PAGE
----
Mutual respect and friendliness essential
Robert Leach: Vice President, St Vincent de Paul Society Queensland
How did you first become involved with the Society?
I joined the Society with my wife Trish way back in the 1990s because we both felt an obligation, expressed wonderfully well in Matthew’s Gospel (chapter 25), to assist the less fortunate. We understood that love of God is expressed in love of neighbour.
Do you think members from small towns and centres will have something different to contribute to the National Congress 2017 compared to their city counterparts? If so, why?
Vincentians from small towns often know personally the people who call on them for help. Thus it is probably easier for them to build rapport than it would be for Vincentians working in the cities. Also, I would imagine that Vincentians in small towns do not have to deal with large numbers of requests, which is inevitably the case in the bustling cities. This raises the question of the time we spend with the poor. Time and attention are vital but Vincentians working in city areas, faced with large numbers, are often under extreme pressure to give sufficient time to people seeking assistance. This also raises the question of how best to avoid giving mere hand-outs which can create dependency—unintentionally of course, but the risk is clearly there.
How do we ensure that membership of the St Vincent de Paul Society is a joyful experience that brings people together?
Making sure that membership of the Society is a joyful experience is a challenge. Given that virtually everyone who joins does so out of concern for the poor, every member knows that he or she is in good company. That’s a great start. On the other hand, we all have faults and some of us can be difficult to get along with. It means that the establishment of mutual respect and friendliness are regarded as essential aspects of the Society’s ethos. The occasional social get together can help as well. The intermingling of conference and council members at Festival Masses and meetings should also be encouraged. The bottom line, for me anyway, is that we must be friendly to one another and very welcoming of new members. Rule 3.4 comes to mind: ‘Meetings are held in a spirit of fraternity, simplicity and Christian joy.’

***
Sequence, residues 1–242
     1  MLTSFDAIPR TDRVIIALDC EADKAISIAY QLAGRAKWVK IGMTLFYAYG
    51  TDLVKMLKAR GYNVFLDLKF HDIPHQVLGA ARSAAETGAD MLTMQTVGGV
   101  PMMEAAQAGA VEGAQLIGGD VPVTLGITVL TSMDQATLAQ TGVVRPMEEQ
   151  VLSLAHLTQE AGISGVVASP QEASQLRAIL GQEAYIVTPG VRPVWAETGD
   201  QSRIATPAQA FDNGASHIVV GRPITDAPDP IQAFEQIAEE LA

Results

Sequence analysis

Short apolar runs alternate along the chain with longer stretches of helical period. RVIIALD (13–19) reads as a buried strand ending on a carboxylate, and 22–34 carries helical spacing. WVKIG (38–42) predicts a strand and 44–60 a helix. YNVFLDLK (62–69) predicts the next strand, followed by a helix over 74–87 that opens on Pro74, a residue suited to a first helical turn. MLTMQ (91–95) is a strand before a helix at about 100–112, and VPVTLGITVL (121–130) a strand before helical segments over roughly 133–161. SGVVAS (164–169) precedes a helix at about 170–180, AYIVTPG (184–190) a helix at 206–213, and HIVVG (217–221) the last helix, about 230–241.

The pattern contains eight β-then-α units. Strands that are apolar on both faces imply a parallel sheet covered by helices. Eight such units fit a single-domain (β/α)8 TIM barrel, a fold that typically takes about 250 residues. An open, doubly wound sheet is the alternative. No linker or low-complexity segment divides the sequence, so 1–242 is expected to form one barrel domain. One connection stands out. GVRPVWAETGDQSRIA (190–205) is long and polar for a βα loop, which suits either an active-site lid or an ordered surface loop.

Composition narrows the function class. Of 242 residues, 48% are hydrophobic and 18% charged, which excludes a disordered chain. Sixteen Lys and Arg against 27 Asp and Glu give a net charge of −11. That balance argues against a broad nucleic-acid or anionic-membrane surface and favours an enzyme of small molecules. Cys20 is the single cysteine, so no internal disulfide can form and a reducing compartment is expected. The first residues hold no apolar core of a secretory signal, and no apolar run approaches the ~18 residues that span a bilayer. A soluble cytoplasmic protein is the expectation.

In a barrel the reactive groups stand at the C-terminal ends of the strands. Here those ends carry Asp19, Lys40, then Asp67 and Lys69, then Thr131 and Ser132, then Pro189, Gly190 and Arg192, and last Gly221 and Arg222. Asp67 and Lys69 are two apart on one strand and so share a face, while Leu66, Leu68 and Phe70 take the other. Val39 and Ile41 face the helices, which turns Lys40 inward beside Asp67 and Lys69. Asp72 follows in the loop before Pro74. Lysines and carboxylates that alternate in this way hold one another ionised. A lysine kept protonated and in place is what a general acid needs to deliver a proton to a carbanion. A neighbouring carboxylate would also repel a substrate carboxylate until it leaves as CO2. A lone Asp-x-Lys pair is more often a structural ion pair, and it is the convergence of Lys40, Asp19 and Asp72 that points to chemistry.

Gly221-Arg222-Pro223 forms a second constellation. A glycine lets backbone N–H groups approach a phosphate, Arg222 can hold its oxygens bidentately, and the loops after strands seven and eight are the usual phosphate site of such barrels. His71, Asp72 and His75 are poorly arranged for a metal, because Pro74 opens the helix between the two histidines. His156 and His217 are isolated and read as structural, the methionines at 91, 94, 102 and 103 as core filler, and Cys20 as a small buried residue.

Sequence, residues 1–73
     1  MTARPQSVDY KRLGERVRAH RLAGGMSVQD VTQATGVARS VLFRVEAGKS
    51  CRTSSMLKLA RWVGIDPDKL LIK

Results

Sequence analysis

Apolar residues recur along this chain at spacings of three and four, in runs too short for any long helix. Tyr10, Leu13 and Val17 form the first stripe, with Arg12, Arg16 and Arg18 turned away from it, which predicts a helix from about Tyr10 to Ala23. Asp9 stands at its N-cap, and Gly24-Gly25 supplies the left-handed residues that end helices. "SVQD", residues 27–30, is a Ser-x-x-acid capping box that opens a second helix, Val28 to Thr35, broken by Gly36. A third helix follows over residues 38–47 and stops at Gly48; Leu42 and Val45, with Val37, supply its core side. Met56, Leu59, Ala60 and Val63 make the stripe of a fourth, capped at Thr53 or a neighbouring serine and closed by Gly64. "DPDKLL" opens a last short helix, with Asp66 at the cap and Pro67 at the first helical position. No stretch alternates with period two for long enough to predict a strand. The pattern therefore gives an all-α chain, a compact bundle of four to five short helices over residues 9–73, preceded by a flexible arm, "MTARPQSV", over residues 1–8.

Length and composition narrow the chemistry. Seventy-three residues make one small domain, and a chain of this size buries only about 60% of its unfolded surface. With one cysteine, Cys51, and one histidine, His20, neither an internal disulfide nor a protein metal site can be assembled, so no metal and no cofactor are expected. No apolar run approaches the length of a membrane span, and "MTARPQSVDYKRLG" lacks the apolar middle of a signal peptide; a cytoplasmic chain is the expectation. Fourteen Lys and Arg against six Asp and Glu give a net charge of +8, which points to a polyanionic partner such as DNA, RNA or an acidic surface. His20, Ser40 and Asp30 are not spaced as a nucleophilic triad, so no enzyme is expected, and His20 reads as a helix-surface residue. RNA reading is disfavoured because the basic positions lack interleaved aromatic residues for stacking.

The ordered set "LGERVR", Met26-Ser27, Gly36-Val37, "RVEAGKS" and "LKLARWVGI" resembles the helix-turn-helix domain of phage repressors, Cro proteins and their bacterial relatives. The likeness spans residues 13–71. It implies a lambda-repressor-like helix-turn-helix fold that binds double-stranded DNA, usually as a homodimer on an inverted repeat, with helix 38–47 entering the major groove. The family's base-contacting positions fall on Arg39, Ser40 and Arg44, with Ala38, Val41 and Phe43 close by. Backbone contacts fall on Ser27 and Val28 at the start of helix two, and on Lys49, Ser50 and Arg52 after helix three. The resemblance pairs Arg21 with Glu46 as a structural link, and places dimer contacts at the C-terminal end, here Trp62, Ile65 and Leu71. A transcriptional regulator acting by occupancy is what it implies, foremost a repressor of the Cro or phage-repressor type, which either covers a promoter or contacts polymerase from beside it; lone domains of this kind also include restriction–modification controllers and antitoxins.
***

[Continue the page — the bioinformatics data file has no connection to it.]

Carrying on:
Marie O’Brien: North Western Central Council President, St Vincent de Paul Society Victoria
Can you describe your role at the St Vincent de Paul Society in Victoria?
I serve the Society as a substitute Regional President of the Wimmera Region and I am the President of the North West Central Council in Victoria.
Will this be your first trip to Adelaide or first time attending a Society event held interstate?
I have not been to Adelaide for over 15 years. I have attended several interstate Society events.
What do you feel are the greatest challenges currently facing the Society when it comes to helping people experiencing poverty and inequality in your community?
In rural areas an ageing and diminishing conference membership is dealing with increasing poverty in towns with diminishing accessible support services.
While respecting people’s privacy, could you please describe your most rewarding or challenging experience of being a conference member?
Sharing a meal of ice-cream and topping with a terminally ill teenager.
Describe how you would like to see spirituality and religion included in the discussions at the congress?
Spirituality within the Catholic religion must permeate the whole congress, as it is one of our great points of difference with other charities. We must show that we can walk the walk as well as talk the talk.